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Home* Antarctic News → How are the pen­gu­ins of the South Ork­ney Islands doing?

How are the pen­gu­ins of the South Ork­ney Islands doing?

A recent long-term stu­dy reports on the deve­lo­p­ment of the three brush-tail­ed pen­gu­ins: Adé­lie, Chin­strap and Gen­too pen­gu­ins on the South Ork­ney Islands. The stu­dy com­pa­res their situa­ti­on with the popu­la­ti­on deve­lo­p­ment around the Ant­ar­c­tic Pen­in­su­la. The sci­en­tists can look back on a con­ti­nuous cen­sus data set of 38 years, sin­ce 1978/79. Pre­vious­ly only spo­ra­dic counts were done. While the popu­la­ti­ons of Adé­lie and Gen­too pen­gu­ins were sub­ject to regu­lar fluc­tua­tions, the num­ber of Chin­strap pen­gu­ins decreased ste­adi­ly. Howe­ver, the Adé­lie pen­gu­in colo­nies were also decre­asing. The Gen­too pen­gu­ins did rela­tively well over the years, their num­bers were incre­asing – a trend that is also obser­ved at the Ant­ar­c­tic Pen­in­su­la. The rese­ar­chers explain the obser­ved fluc­tua­tions with a lively exch­an­ge of nes­t­ing birds bet­ween colo­nies of the archi­pe­la­go. At pre­sent, Adé­lie, Chin­strap and Gen­too pen­gu­in popu­la­ti­ons at the South Ork­neys are esti­ma­ted to be about 200,000, 600,000, and 5000-10,000 bree­ding pairs, respec­tively.

Today it is assu­med that a chan­ge in popu­la­ti­on size can be a good indi­ca­tor of chan­ges in the eco­sys­tem. This is rese­ar­ched in a num­ber of krill-eating spe­ci­es, e. g. also the brush-tail­ed pen­gu­ins. The Com­mis­si­on for the con­ser­va­ti­on of Ant­ar­c­tic mari­ne living resour­ces (CCAMLR) uses this data to moni­tor the mari­ne Eco­sys­tem. With that they can set catch limits for the krill and fish fishe­ries.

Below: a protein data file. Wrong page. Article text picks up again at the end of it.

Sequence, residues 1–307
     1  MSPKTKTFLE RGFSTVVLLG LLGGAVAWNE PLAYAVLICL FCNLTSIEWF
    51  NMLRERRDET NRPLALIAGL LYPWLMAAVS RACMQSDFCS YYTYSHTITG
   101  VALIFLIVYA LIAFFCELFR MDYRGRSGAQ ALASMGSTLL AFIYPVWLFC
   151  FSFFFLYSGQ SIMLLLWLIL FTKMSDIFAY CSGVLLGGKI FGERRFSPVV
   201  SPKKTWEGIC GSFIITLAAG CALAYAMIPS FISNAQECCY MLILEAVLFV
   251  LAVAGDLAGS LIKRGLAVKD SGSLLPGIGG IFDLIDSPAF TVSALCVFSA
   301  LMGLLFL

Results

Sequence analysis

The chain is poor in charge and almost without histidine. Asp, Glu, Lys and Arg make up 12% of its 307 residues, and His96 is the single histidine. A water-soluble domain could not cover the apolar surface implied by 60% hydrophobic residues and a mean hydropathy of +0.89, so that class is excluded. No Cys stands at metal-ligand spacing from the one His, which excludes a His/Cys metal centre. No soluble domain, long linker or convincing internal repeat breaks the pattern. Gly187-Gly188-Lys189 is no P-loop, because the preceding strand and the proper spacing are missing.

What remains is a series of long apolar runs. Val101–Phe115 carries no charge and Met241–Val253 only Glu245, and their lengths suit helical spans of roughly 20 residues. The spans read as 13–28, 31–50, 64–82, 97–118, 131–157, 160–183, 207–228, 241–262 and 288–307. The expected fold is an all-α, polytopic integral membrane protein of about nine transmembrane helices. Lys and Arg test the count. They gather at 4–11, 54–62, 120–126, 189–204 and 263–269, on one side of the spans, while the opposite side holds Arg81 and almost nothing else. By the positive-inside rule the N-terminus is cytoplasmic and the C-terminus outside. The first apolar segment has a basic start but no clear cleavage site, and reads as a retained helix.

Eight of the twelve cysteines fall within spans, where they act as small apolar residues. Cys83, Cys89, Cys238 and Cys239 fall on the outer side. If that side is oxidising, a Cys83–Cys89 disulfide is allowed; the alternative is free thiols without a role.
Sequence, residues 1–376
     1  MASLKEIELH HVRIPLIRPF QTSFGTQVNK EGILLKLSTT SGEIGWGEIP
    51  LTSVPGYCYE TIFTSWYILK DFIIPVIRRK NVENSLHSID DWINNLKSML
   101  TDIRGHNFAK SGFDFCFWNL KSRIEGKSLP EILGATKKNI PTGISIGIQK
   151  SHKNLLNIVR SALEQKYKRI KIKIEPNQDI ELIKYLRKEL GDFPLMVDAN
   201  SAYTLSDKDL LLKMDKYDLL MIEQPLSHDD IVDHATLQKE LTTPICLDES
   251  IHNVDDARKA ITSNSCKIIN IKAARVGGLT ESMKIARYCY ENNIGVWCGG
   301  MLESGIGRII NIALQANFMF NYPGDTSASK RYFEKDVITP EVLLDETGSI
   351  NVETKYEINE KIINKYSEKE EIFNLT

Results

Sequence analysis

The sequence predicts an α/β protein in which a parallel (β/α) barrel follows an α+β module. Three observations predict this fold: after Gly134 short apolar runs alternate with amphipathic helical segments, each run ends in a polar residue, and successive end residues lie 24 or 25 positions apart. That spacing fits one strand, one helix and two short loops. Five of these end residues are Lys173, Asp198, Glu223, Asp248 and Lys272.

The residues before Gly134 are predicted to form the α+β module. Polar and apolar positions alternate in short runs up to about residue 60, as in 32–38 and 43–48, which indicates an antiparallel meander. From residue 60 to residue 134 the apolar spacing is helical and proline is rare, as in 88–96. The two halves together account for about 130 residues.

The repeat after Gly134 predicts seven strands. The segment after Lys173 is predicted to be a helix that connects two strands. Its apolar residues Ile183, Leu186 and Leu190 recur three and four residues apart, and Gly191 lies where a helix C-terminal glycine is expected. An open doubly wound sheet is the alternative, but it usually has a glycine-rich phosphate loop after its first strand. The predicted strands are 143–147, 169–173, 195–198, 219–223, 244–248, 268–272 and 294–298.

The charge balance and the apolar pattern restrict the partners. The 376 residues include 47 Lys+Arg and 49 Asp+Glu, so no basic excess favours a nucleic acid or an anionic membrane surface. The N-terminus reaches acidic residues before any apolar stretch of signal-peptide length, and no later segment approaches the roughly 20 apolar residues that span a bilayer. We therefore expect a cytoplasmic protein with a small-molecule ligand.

All three spe­ci­es are bree­ding tog­e­ther on Signy Island, South Ork­ney Islands. While the bree­ding suc­cess of all spe­ci­es is equal­ly good or bad over the years in the obser­ved peri­od, the popu­la­ti­on deve­lo­p­ment is dif­fe­rent. Sin­ce the begin­ning of the con­ti­nuous cen­sus Adé­lie pen­gu­ins decreased by 42% and Chin­strap pen­gu­ins by 68%. In the same peri­od, the ori­gi­nal­ly much smal­ler Gen­too pen­gu­in popu­la­ti­on increased by 255%! His­to­ri­cal data show a com­ple­te­ly dif­fe­rent trend bet­ween 1947 and 1978: the num­bers of the first two spe­ci­es increased enorm­ously during this ear­ly peri­od.

Accor­ding to some sci­en­tists, the popu­la­ti­on deve­lo­p­ment seems to be cor­re­la­ted to the regio­nal decli­ne in sea ice ext­ent and the long-term warm­ing of the regi­on. Howe­ver, the rese­ar­chers of the pre­sent stu­dy are loo­king a bit deeper into the con­text, becau­se ice-loving Adé­lie pen­gu­ins and ice-avo­i­ding chin­strap pen­gu­ins are sub­ject to the same decli­ne. They point out that the sur­vi­val rate of the young pen­gu­ins during their first win­ter, the access to krill stocks and the increase in fur seal num­bers and wha­les as food com­pe­ti­tors in the area, also seem to play a major role. Bet­ween 1977 and 1994, the num­ber of fur seals increased ten­fold at Signy Island.

In order to gain a bet­ter under­stan­ding for the decli­ne of one spe­ci­es and the suc­cess of ano­ther, rese­ar­chers have to look into the dyna­mics of the sys­tem even deeper. Their long-term data of the last deca­des and data from other field of sub­jects are important com­pon­ents for future models and under­stan­ding of the pro­ces­ses obser­ved.

Chin­strap pen­gu­ins near the South Ork­ney Islands.

Chinstrap penguins, South Orkney Islands

last modification: 2022-08-07 · copyright: Rolf Stange